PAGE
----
Last night I turned on my television, excited to watch the beginning of this year’s postseason baseball. Even more fun was the fact that the first game was between one of my favorite teams, the Atlanta Braves and Bishop Stika’s beloved Cardinals. My first real conversation with Bishop Stika was on the way to and from a game between the Braves and the Cardinals (the Braves won that night, btw). Since then, it has been fun to engage in good hearted banter with him about baseball. Last night was no exception.
In typical Braves fashion, they demonstrated the ability to play lackluster baseball once having reached the postseason. Over the course of the game they managed to make three errors and give up four unearned runs. It was the eighth inning, however, that will make this game one for the history books. With two men on, and one out, Andrelton Simmons hit a pop fly to shallow left field. The ball dropped and it seemed that there was hope for a Braves rally with bases loaded and one out. Seconds later, players and fans alike learned that the infield fly rule had been called, Simmons was out, and the runners had advanced. As a Braves fan, I must admit I was livid at this questionable call. It seemed very reasonable for manager Fredi Gonzalez to argue the call and to enter a protest. At one point, I even thought there was the chance the head umpire would overturn the call. What I didn’t expect was for Braves fans to hurl bottles and trash onto the field for almost twenty minutes, endangering players, umpires and grounds crew.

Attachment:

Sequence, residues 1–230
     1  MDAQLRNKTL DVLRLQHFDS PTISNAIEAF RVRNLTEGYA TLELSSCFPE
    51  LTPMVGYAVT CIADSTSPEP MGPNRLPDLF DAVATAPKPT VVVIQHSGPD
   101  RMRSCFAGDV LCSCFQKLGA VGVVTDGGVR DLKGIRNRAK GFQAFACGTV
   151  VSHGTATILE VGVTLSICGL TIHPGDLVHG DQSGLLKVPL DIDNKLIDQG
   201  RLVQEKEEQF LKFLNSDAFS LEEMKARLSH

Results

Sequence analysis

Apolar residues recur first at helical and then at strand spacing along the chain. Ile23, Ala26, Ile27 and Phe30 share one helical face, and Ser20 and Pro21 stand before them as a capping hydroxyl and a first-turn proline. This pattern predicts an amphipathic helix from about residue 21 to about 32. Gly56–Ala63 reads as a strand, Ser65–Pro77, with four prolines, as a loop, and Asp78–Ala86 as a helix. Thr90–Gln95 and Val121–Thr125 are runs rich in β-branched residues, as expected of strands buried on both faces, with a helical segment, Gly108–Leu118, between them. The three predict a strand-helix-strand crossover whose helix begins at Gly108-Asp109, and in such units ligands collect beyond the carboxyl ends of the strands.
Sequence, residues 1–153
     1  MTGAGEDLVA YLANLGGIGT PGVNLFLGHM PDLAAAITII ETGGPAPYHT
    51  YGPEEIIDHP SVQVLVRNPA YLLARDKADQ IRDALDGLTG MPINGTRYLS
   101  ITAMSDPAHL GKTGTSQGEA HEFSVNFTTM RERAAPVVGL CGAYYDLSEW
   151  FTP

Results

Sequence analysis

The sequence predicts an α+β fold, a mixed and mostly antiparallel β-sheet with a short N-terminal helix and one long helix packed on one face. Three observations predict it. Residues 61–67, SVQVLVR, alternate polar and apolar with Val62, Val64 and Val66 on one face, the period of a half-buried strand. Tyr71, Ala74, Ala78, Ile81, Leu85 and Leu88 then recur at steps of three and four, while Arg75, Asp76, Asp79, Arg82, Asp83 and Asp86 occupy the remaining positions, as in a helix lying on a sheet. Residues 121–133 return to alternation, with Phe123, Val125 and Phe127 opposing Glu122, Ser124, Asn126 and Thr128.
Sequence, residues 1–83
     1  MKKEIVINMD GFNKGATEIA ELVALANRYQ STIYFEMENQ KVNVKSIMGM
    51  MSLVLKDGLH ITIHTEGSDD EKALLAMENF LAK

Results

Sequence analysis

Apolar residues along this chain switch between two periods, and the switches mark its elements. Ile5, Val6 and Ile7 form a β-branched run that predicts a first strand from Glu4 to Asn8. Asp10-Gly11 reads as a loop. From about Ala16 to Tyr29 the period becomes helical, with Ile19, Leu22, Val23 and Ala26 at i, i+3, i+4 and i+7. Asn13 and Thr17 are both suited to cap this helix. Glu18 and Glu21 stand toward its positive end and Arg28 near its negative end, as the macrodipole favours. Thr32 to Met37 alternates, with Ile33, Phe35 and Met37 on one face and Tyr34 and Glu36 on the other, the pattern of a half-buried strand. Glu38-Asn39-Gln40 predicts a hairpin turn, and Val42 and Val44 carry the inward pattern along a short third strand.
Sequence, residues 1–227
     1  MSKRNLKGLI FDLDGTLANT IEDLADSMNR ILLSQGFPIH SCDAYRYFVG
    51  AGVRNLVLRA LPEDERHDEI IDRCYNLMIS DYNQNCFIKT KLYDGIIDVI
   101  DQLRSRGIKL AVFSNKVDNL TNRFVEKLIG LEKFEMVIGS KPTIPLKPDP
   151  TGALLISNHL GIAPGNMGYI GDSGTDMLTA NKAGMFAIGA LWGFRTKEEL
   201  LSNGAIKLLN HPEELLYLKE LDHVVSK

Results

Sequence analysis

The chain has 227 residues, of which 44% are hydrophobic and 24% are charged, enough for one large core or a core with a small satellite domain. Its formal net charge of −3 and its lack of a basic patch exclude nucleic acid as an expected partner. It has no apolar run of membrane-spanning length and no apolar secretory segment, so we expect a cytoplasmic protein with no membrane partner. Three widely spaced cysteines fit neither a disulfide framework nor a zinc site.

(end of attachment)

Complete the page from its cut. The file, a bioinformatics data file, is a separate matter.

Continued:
This year sports fans have seen some very bad calls, and in many cases have a right to be upset by them. This being said, the behavior of fans at last night’s game was shameful.
Bad calls are not limited to sports. All of us from time to time make poor choices, ones that impact the lives of others in a negative way. Those whose lives are harmed by bad judgment calls can be legitimately angry. The question is what is done with that anger. Take for example, the person who is unfairly treated at work. If their experience with a boss or supervisor is truly unjust, the proper response is anger. It would also, however, be inappropriate for them to respond by engaging in a fist fight with their employer. Many citizens over the years have had just reasons to be upset with our political leaders. There are a few who decide that shooting those leaders is a good response. It is not.
It is the duty of every Christian to expose injustice and to do what we can to correct it. However, the way in which we do that must be consistent with our Christian faith. I didn’t agree with the eighth inning call last night, but I can live with it much more than I can seeing someone throw a bottle at a man’s head. May the rest of this postseason see an abundance of good calls and sportsmanship. We desperately need more of both.